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Florida Fourth DCA rules that Broward County Sheriff and detention personnel were not protected by sovereign immunity for “operational level” actions allegedly resulting in harm to Broward County Jail inmate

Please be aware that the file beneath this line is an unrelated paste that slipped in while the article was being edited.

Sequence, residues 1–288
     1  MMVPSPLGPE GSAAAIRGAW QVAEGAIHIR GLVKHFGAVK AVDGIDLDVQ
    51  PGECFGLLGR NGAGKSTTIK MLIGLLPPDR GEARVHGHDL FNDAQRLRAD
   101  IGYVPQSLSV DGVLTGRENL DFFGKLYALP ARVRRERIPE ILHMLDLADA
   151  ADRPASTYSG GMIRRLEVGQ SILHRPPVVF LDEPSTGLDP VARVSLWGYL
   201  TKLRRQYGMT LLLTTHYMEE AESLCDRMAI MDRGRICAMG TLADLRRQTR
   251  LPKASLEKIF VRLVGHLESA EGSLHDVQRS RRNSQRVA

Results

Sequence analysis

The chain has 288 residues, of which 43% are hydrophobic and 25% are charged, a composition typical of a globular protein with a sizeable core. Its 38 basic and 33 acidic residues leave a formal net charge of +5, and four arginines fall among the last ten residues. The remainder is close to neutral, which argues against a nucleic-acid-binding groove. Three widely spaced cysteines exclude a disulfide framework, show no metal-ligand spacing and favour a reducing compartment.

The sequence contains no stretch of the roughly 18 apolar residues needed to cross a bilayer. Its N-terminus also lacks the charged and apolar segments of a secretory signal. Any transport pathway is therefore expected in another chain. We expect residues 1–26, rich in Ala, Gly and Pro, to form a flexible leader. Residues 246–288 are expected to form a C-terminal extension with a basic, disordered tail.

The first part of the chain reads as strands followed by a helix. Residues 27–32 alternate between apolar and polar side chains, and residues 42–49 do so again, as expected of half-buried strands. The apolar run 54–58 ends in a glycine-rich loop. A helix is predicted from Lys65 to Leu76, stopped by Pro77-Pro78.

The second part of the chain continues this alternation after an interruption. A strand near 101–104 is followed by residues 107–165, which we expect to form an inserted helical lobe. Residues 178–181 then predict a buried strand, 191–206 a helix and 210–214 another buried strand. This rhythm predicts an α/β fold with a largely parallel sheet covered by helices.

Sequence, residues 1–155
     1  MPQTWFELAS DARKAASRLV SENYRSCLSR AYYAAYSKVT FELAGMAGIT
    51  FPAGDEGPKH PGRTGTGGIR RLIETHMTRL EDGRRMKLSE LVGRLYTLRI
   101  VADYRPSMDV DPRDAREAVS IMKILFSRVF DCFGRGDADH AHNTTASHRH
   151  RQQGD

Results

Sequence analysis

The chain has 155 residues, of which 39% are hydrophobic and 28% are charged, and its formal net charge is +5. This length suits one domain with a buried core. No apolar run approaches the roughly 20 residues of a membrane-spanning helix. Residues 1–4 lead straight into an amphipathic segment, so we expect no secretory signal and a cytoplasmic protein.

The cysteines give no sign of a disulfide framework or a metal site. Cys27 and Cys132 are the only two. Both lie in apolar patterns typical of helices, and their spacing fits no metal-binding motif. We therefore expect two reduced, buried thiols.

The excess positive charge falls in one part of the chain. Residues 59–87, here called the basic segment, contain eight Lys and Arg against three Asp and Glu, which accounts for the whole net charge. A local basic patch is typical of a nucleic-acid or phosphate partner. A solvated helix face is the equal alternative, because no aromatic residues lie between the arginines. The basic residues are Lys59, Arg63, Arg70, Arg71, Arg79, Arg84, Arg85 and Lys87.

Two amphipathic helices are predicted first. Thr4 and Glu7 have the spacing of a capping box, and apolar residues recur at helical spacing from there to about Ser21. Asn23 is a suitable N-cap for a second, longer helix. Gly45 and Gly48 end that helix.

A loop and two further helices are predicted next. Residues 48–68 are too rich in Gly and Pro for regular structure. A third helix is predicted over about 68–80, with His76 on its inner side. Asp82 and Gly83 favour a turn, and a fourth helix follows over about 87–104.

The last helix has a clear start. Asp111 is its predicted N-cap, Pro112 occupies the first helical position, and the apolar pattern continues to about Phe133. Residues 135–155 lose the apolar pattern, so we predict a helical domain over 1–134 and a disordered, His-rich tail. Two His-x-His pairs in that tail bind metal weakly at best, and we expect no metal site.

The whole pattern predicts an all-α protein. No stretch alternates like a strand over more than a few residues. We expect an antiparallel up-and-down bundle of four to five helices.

On May 5, 2021, in Williams v. Tony et al., No. 4D20-1342, the Florida Fourth DCA reversed the trial court’s dismissal of the lawsuit of a plaintiff who claimed he was the victim of negligence and excessive force by Broward County Sheriff’s Office detention officers at the Broward County Jail. The Fourth DCA concluded that alleged misconduct by the Sheriffand his detention officers involved “operational level” activities not protected by sovereign immunity. The Third DCA cited Hutchinson v. Miller, 548 So. 2d 883, 885-886 (Fla. 5th DCA 1989); Harris v. Monds, 696 So. 2d 446, 446 (Fla. 4th DCA 1997) (holding that the common law duty of reasonable care by the correction officers charged with inmate supervision “is an operational level function not protected by sovereign immunity”); and Ferguson v. Perry, 593 So. 2d 273, 278 (Fla. 5th DCA 1992) (holding that “[t]he alleged negligent failure to comply with the duty to provide medical care to care to [person in custody] is an operational level activity for which the sheriff is not immune from suit”). The Third DCA focused on the Sheriff’s liability for operational level activities, not subject to sovereign immunity, implicitly distinguishing this sort of conduct from the setting of policies, which presumably would be protected by sovereign immunity.

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